Sunday, June 19, 2011


Yesterday, after a span of 28 years, I re-visited Sabarimala. You could call me biased but for a person who has seen the transformation of Vaishno Devi shrine (J&K, India) and hiked to the summit of Mt. Fuji (Japan), it was appaling to see a preeminent centre of pilgrimage in Kerala, tranformed into a mega industrial complex, sitting like a cancerous scab amidst lush tropical forests.

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It is tempting to see Sabarimala as a victim of its own celebrity status. The hill shrine now attracts over 40 million visitors (not all are pilgrims) every year from all across India, and contributes over Rs.50 Crores (US$ 11 million) to the Kerala state coffers in just one 'season' (Nov-Jan). Visits by politicians, film stars and tycoons gets prominent press coverage. This, in turn, encourages some of them to use try and redeem themselves with "donations" in exchange for public recognition. A liquor baron got the sanctum gold-plated for his name to be prominently displayed on the temple walls, another one is building a glass roof over the "18 Steps" for reasons that are no doubt, just as dubious.

Yet, for all the money that flows into the coffers, what stands out is the unbelievable scale of carelessness out there -- the ugliness of manmade structures, concrete pathways and crude sheds that seem to have been built to suit the whims and fancies of assorted, aesthetically challenged civil engineers; the lack of adequate toilets and washing facilities; poor signboards and the absence of guide-maps; loud speakers blaring out devotional-pop in multiple languages; the absence of general garbage bins and its logical consequence - pigs sauntering about in the open drains and slush.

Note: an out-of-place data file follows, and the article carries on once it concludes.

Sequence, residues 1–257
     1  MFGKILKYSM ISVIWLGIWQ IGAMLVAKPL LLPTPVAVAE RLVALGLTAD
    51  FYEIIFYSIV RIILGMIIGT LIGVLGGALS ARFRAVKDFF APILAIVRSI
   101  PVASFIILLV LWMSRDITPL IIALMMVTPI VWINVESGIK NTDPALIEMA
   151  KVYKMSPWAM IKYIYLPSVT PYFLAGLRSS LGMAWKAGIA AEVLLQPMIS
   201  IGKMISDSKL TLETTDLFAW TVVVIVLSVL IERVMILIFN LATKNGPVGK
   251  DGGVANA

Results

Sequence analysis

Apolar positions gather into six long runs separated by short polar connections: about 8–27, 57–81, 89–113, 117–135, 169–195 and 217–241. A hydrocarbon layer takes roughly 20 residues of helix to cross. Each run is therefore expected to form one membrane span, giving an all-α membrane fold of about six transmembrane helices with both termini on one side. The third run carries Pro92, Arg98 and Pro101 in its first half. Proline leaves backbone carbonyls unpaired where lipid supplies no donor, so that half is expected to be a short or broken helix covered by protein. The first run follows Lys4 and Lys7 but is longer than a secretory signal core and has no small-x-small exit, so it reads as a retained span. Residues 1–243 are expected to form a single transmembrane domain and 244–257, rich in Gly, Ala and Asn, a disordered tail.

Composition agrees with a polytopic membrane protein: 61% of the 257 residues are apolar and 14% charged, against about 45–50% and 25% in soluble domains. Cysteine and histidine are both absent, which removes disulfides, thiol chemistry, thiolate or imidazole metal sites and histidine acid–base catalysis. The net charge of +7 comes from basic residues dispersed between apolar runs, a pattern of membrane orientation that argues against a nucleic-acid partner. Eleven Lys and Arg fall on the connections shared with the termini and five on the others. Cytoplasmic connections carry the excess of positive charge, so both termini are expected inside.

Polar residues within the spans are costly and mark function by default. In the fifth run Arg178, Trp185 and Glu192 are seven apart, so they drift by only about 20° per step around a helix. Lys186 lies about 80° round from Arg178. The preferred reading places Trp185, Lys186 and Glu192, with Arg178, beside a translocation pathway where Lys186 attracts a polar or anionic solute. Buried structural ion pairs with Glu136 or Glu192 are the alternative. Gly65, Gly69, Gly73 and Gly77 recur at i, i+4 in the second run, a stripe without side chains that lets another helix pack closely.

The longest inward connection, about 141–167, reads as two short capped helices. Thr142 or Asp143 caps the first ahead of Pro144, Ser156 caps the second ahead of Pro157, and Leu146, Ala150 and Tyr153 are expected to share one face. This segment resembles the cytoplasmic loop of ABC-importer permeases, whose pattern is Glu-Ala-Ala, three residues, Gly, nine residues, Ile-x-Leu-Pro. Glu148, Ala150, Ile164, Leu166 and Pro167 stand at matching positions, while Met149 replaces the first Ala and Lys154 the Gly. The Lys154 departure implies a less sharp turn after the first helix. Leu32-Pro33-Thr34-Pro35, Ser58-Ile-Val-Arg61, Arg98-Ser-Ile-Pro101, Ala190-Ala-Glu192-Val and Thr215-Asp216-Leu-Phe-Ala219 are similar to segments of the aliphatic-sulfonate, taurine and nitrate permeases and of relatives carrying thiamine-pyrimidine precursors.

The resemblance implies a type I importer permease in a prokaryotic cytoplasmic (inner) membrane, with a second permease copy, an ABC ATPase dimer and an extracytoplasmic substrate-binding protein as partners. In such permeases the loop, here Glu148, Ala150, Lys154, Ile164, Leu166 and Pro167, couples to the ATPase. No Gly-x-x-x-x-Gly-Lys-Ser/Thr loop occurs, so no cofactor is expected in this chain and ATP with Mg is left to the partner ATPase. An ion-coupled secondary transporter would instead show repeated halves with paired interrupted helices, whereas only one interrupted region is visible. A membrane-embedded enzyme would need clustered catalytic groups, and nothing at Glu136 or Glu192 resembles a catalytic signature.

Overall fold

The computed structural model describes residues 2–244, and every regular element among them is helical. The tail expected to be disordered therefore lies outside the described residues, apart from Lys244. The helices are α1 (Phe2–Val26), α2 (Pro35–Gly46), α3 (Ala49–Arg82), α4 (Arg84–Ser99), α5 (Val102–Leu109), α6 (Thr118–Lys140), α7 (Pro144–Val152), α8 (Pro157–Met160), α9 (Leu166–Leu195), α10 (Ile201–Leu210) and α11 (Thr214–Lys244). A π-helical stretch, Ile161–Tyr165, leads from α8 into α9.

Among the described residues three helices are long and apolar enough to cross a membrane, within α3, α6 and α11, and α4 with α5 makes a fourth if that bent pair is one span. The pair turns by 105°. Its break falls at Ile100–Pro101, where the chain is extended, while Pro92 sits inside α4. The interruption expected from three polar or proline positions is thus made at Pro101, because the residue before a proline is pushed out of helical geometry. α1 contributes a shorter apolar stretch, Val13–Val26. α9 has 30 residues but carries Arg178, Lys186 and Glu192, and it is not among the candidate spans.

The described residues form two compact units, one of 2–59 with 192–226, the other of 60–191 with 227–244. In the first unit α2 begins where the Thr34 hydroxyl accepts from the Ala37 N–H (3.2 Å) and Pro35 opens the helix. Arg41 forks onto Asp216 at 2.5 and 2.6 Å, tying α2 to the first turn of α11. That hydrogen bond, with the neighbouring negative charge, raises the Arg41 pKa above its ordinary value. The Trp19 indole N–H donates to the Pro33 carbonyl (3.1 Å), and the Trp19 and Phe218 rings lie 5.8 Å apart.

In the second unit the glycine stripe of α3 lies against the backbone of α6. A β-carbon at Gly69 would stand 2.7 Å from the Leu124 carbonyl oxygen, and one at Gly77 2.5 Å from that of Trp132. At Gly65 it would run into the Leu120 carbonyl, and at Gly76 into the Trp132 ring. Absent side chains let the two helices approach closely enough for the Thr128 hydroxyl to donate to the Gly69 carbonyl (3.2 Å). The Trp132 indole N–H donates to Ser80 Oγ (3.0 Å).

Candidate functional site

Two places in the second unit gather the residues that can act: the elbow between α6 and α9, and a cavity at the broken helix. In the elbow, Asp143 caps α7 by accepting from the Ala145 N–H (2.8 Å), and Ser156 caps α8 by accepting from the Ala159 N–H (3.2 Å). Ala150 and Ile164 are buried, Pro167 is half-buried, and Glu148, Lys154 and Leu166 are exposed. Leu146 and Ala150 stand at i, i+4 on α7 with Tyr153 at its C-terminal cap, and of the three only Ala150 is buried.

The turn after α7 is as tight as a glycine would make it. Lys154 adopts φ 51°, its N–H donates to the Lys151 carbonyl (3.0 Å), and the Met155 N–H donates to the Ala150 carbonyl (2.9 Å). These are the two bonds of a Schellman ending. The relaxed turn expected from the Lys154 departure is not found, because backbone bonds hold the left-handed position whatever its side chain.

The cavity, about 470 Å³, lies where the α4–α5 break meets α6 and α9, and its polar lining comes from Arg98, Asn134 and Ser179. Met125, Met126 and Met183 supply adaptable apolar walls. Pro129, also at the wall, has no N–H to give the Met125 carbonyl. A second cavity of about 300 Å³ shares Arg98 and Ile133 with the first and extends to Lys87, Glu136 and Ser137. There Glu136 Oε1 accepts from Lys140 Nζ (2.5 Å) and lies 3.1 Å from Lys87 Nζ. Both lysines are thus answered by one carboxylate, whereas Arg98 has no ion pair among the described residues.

At the heart of this industrial complex sits the "Sannidhanam", a sanctum sanctorum, which is a concrete maze teeming  with gilded barricades and conveyor belts. In the gaps between the buildings are open garbage dumps strewn with broken tube lights and plastic packets.  A special police force enforces "order" here, shouting and bullying the huddling masses into the farthest lanes while escorting the VIPs - politicians, businessmen and other assorted movers & shakers - into special enclosures from where they can have a tête-à-tête with the Lord and personally handover big currency notes to a battery of priests sitting inside the sanctum (what is the need for so many to cram into such a tiny space, one wonders).

In one of the side rooms, in a room marked "Thantri", a glum looking priest sits next to an empty, decorated chair. Pilgrims are supposed to drop their dakshina (money offerings) on the empty chair, and, in exchange, the gentleman will deign to drop on your hands a leaf containing some allegedly consecrated flowers and bhasmam (ashes). Like the president of a industrial conglomerate, he rakes in the biggest bucks with the slightest effort. Lower down the value chain, are the scores of sub-priests and administrators; and hundreds of security guards, coolies, hawkers and vendors...all thriving in an economy based on public piety.

Standing in the Sabari hills, it is difficult to believe that until just two generations ago this was a site that represented the ultimate coming-of-age journey for young boys. A dangerous trek of at least 50 km through forests infested with wild animals - a journey once undertaken after months of preparations has now been reduced to a farce by seekers of instant gratification.

In any other place, a site like this would have highlighted its finest cultural traditions. It would have encouraged pilgrim-volunteers to guide and help visitors, and to keep the hills neat and tidy; architects would have showcased the beauty of the forests by setting up viewing points along the swift-flowing Pamba river, and along pathways snaking through the hills.

If I were to ignore the scabs and pick out memorable images from this visit, it would start with a dip in the cool, swift waters of the Pamba; the invigorating climb through early morning mist in deep silence interspersed with bird calls and the chirping of insects; glimpses of a full moon at its brightest, surrounded by a halo and veiled every now and then by thick grey rainclouds. And then, while standing under one of those towering bombax trees along the pathway, as I crane my neck to see the canopy, large drops of water slowly drip down from the highest branches,  glinting in the morning light before exploding over my nose & eyes like tiny bomblets...bliss!  :)


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